it depends on the type of the research you'll be using. if its qualitative or quantitative.
one is *stay or go* another is * Acquainted With The Night*
In a speech, there are certain factors we have to consider:
1.) The tone of your voice
2.) The flow of your speech
3.) Your manneurisms while presenting
All of these things matter in presenting a speech.
The advantages of giving a memorized speech is that you would have been prepared for it beforehand; you know the structure, the message, and what you're supposed to say in front of the stage. If you're not very good at producing words in a short manner of time, memorizing can be a good method to do it.
By memorizing speeches (especially ones made by yourself), you will be given a chance to edit your speech to make the flow more smooth, the grammar made better, the message more clearer, and overall, make the speech better than its original state.
By memorizing speeches made by somone else, you will earn the opportnity to view other renditions of this speech done by other people, or the author itself. This will give you a chance to review the message and be able to convey it as intended by the author in a better way.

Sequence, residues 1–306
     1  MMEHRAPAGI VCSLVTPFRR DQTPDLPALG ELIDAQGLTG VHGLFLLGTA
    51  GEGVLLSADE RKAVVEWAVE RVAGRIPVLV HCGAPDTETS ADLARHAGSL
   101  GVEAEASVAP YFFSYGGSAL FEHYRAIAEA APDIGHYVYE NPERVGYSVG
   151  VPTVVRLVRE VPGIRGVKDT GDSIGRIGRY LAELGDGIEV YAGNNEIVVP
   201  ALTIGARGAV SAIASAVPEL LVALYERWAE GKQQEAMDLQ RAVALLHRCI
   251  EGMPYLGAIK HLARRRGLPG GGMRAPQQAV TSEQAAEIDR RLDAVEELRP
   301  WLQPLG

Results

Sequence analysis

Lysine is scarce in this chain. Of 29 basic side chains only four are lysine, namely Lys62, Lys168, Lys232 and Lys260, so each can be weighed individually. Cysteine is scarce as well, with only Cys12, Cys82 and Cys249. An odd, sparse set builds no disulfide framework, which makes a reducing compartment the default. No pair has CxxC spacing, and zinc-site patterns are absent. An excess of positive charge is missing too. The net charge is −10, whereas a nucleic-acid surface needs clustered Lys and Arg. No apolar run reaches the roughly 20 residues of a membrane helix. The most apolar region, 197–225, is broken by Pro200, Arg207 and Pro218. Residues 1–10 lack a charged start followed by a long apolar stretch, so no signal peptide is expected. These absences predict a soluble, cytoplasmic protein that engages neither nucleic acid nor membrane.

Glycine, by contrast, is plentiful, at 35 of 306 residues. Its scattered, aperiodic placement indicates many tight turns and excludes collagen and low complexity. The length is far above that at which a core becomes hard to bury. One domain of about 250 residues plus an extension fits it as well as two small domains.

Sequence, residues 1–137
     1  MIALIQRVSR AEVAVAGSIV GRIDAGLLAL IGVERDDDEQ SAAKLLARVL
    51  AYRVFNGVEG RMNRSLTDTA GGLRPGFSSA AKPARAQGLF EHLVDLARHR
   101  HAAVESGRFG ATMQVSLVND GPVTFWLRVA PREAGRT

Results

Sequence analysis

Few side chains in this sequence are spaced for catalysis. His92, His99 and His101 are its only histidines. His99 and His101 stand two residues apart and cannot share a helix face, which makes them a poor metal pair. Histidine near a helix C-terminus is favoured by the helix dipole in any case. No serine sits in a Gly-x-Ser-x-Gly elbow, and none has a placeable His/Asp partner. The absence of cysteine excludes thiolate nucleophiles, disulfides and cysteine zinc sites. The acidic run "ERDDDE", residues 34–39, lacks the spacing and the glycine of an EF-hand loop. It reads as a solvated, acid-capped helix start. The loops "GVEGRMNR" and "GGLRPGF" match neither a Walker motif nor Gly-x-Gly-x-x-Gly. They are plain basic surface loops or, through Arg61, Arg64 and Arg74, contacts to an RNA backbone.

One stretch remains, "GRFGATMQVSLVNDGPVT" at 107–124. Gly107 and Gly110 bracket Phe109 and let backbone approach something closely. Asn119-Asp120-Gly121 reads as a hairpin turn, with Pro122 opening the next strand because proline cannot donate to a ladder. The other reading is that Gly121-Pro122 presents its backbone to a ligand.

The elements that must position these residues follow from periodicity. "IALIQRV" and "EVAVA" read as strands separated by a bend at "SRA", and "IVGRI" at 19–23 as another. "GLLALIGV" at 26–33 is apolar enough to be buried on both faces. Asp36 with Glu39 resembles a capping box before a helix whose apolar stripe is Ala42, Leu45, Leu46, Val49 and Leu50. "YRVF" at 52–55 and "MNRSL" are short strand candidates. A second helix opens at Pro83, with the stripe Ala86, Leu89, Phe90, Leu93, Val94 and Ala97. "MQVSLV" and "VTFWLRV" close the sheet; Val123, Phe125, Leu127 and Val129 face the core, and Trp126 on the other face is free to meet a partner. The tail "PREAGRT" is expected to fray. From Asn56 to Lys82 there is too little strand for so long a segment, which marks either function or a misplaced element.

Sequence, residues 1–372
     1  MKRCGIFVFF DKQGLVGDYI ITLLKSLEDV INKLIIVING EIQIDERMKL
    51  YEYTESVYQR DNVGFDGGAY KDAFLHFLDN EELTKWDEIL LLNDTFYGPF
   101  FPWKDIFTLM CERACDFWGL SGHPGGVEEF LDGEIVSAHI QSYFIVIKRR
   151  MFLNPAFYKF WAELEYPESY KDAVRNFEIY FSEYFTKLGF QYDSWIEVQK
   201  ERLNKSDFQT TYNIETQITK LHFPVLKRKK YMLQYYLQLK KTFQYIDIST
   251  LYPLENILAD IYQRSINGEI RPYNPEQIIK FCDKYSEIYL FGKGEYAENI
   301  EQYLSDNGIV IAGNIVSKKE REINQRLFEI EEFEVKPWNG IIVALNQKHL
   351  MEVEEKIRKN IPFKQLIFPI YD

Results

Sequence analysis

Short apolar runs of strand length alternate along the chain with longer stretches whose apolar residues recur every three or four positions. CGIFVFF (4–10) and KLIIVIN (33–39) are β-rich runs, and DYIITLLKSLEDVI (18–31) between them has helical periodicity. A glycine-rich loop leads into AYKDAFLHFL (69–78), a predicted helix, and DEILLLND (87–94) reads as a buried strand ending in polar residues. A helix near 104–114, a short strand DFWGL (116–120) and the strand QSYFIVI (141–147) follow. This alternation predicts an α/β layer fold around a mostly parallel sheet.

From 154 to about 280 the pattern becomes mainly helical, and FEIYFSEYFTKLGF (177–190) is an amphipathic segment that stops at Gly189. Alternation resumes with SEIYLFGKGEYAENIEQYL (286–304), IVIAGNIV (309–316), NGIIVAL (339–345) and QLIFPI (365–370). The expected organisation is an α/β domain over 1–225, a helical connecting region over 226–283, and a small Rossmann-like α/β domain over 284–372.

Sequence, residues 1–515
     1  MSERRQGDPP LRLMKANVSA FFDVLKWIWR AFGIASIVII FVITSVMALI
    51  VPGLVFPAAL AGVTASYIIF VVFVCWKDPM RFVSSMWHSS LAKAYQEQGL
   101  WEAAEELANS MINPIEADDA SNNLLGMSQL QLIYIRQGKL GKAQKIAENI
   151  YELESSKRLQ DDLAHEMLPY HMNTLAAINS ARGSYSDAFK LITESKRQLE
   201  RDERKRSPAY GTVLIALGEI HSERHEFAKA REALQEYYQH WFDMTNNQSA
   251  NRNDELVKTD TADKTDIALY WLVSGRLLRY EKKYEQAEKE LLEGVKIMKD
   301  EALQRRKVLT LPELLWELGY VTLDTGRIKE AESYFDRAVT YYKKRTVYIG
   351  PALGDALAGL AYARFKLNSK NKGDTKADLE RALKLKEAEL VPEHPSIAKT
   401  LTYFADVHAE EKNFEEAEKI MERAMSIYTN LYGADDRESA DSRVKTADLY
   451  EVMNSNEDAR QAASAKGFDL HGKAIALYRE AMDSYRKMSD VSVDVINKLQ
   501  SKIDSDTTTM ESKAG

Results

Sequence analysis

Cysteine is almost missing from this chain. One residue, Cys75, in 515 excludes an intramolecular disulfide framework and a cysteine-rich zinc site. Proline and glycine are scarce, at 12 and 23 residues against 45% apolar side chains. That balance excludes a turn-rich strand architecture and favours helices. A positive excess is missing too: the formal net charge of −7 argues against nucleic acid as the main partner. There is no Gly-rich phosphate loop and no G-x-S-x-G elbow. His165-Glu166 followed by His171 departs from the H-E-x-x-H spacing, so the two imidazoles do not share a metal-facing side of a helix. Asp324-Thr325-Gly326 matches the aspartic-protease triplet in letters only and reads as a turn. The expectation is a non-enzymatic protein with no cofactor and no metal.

While delivering a memorized speech, these factors can be our greatest friend, or our worst enemy. Since a memorized speech comes from a written speech, interpretation is free for anyone who reads it, and conveys it as well. When you recite a speech made by someone else, there is a very high chance that you will not be able to convey the message the same way it was intended to be conveyed. Things such as the tone of your voice, the way you organize the flow, and how you act, will be different.
Reciting memorized speeches, especially for beginners, sometimes make them look robotic. It makes them sound like they're just dictating, and not giving a speech.